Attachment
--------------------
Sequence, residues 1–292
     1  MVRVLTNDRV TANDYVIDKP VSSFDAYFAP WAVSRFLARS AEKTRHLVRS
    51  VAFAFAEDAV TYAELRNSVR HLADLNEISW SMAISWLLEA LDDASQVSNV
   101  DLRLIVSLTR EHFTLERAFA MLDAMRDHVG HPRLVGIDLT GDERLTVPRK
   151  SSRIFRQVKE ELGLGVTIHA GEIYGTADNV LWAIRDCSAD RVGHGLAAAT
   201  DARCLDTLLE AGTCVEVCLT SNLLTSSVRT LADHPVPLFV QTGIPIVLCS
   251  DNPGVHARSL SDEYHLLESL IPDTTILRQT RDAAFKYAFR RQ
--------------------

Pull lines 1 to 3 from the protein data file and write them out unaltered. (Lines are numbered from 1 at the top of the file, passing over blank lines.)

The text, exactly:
Sequence, residues 1–292
     1  MVRVLTNDRV TANDYVIDKP VSSFDAYFAP WAVSRFLARS AEKTRHLVRS
    51  VAFAFAEDAV TYAELRNSVR HLADLNEISW SMAISWLLEA LDDASQVSNV